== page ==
Less than 10 months after the opening of our restaurant “noma” November 2003, head chef, manager & partner Rene Redzepi and I took the initiative to organize “The Nordic Cuisine Symposium”. The day before the symposium September 2004, at an 18 hour long workshop, some of the greatest chefs in our region formulated the New Nordic Kitchen Manifesto. The Nordic Cuisine Movement was born!
In 2005 the Nordic Council of Ministers adopted the manifesto as the ideology of the New Nordic Food programme which is supported by extended national development programmes. Today the manifesto is a guiding light, not just for visionary chefs, but also for an increasing number of small and large food companies, who have found a new way of communicating with ambitious consumers.
The Nordic Cuisine movement - informal, open and democratic - is widely considered the strongest and most important culinary revolution ever in the Nordic region.
In the end of the 19th century Danish farmers succeeded in transforming a ruined grain export into an agricultural export adventure of almost unbelievable impact: Our butter and bacon won the battle in the global market place. Danish agro business delivered what was asked for - perfect bacteriological standards, uniform quality and competitive prices.
In the last century the big agro companies further increased the series, and successfully sought for cost efficiencies in all areas of the production cycle. Farms were turned into factories; animals were considered as mere production equipment. The average milk output from a cow doubled in the period from 1945 – 1990. Chickens gained their final weight at half the time and with half the fodder. The usage of fertilizers and pesticides exploded. Small uncompetitive companies were swallowed and closed.
The unambitious home market demand was mainly the result of a 300 year long evil partnership formed by ascetic doctors and puritan priest. In together they have led an antihedonistic crusade against the pleasure giving qualities of food and against sensuality as such. The idea of organizing beautiful meals with great food has been considered a sin. The philosophy they so successfully communicated was that if you just ate something of inferior taste and did it in a hurry instead of enjoying too much you would get a long healthy life and end up in heaven.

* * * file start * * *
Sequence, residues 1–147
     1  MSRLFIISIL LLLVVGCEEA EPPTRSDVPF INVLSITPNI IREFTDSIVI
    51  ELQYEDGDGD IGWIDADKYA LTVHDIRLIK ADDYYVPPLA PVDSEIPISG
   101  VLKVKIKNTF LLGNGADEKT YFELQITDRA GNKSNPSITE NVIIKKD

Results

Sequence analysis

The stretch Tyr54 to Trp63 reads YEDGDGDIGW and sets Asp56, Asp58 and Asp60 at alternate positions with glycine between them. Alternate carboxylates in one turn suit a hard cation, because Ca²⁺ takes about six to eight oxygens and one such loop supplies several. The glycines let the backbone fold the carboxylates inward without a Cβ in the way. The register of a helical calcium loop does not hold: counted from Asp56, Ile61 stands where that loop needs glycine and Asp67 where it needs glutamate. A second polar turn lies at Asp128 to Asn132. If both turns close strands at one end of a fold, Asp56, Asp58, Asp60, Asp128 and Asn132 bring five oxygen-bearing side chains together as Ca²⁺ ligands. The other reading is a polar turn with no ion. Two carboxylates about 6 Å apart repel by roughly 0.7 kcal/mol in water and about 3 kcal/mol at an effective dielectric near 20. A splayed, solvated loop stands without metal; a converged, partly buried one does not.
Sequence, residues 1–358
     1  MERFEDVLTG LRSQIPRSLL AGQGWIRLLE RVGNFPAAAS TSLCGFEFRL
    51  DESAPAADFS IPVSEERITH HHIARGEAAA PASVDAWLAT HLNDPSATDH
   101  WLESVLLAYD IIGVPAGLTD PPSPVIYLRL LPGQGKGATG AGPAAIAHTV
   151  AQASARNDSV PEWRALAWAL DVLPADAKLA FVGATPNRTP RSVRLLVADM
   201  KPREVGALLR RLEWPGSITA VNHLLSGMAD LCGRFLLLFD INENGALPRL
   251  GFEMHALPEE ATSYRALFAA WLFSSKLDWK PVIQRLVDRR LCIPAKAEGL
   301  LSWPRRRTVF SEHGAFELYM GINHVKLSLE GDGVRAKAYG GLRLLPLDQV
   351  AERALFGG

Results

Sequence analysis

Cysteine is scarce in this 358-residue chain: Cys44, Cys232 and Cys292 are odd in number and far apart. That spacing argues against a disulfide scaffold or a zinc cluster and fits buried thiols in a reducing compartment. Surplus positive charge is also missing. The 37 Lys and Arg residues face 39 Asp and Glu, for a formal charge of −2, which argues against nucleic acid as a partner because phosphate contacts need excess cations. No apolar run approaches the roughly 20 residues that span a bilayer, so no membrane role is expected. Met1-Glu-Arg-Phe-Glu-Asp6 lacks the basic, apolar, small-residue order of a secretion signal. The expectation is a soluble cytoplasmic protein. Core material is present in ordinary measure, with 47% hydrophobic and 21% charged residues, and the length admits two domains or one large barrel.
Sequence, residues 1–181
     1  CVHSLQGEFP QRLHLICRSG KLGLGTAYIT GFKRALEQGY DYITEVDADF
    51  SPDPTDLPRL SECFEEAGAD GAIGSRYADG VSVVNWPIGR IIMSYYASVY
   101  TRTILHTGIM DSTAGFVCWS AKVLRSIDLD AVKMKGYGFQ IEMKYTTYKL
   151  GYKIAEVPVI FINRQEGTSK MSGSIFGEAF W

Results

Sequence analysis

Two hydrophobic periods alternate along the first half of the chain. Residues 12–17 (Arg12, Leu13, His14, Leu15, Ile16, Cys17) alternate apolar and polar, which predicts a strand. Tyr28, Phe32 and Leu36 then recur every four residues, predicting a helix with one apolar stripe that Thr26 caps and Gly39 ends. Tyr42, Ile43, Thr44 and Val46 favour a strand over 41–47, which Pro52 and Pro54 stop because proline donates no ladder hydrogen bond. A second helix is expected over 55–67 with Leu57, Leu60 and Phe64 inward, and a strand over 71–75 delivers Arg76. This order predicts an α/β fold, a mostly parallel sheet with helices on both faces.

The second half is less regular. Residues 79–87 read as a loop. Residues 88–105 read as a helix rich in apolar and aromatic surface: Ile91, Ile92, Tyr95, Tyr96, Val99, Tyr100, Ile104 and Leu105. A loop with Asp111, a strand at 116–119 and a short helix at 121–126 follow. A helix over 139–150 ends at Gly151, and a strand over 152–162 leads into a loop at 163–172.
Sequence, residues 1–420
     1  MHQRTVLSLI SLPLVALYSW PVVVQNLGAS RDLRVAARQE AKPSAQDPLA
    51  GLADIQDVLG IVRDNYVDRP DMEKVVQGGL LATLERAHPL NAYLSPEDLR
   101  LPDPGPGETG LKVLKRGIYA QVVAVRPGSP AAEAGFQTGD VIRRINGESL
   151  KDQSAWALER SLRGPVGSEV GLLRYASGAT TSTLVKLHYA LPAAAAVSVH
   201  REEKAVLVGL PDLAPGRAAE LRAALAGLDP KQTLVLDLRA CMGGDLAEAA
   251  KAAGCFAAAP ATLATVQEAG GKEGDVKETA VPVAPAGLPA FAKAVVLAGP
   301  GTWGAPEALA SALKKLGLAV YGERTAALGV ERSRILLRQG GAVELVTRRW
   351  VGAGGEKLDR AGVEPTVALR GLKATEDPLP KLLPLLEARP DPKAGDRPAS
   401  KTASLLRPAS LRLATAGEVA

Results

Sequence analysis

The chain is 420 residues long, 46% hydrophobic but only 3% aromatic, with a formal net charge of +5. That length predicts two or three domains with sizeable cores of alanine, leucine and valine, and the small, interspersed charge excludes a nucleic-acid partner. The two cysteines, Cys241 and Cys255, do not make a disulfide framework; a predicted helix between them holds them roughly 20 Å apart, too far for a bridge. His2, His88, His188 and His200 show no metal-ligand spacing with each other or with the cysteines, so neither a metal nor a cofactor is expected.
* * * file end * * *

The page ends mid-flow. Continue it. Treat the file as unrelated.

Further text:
Things have changed since. However when in 2003 we opened noma, we would never have guessed that less than 4 years later, after record steep climbing, we would have won 2 Michelin Stars and be nominated no 15 in the world according to Restaurant Magazine – and especially not with a Nordic restaurant concept.
Though the concept, the restaurant and our partnership was my idea, I can not claim much credit for the Michelin Stars. I am much more simple in my cooking. Nomas success is first and foremost due to Rene’s talent. On the other hand, he would never had gone that far so rapidly if I had not invited him into to this particular culinary journey where it was no longer allowed to lean on French foie gras, Spanish ham and Italian olive oil.
In the beginning everybody doubted that we could create a great restaurant relying entirely on local produce. Some even made fun of us and called us names. How should we attract customers in wintertime? We on the other hand were very inspired and rather confident. In our first menu we wrote, that we would redefine the Nordic cuisine so that it embraces the arctic area and brightens the world by virtue of its taste and unique character. A few months after the opening of noma we invited the gastro-intelligentsia to a Nordic Kitchen Symposium which is today considered a milestone in this culinary movement. The most outstanding chefs of our region formulated a manifesto that has later been entirely adopted by the Nordic council of ministers.
The basic idea was to unite chefs and farmers in all countries, small and big companies, politicians and private people around a common idea: to define the contours of at new Nordic cuisine - something to strive for, a vision that could be a guiding light to us all in our daily work in our farms, food companies and restaurants.
It was rather controversial that we also invited CEO's from what by some foodies were considered “evil monopolistic empires”. But we believed in a heliotropic approach that if you share the idea in public with them, they have the capacity and therefore also the obligation to do something beautiful and make the greatest possible products.
We never wished the new Nordic Kitchen to be an elitist, introvert, gastro-fetishist movement, it should be open, democratic and accessible to everyone and we wanted the values from the manifesto to live in our everyday lives and in our hearts.